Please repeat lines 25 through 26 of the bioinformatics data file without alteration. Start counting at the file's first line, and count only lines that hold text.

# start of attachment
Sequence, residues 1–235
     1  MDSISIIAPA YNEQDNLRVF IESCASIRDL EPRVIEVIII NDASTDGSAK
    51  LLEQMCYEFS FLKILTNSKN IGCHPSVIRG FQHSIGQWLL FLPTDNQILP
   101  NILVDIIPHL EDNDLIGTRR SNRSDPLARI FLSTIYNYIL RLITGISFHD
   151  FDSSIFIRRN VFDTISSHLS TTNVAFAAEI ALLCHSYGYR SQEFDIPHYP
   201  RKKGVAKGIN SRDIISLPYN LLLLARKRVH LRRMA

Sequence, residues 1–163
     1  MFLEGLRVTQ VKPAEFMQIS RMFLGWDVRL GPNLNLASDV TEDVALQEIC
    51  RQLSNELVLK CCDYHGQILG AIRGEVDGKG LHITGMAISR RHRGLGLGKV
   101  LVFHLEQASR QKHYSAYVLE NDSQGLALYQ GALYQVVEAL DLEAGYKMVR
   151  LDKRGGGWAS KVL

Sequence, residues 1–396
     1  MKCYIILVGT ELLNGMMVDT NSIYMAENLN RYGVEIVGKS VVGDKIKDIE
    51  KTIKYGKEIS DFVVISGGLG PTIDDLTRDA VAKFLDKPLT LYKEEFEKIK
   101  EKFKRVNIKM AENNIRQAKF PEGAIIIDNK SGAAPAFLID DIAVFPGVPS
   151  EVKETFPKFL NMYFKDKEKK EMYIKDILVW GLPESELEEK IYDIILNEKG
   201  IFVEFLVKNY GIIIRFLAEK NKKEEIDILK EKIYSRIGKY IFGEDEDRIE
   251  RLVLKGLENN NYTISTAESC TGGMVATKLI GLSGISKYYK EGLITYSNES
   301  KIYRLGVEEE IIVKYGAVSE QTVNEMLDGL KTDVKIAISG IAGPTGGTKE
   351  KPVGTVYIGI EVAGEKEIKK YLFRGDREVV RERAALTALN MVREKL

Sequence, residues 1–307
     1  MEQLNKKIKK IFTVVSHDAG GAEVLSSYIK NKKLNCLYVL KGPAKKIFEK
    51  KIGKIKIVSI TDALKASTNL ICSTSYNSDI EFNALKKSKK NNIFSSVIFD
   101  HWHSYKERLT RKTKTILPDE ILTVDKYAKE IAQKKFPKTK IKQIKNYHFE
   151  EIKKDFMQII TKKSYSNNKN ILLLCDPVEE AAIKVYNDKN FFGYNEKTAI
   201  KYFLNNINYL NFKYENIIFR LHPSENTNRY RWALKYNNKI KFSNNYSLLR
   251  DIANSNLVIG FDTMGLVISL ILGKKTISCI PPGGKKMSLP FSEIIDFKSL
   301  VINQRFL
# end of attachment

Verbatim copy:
   151  EIKKDFMQII TKKSYSNNKN ILLLCDPVEE AAIKVYNDKN FFGYNEKTAI
   201  KYFLNNINYL NFKYENIIFR LHPSENTNRY RWALKYNNKI KFSNNYSLLR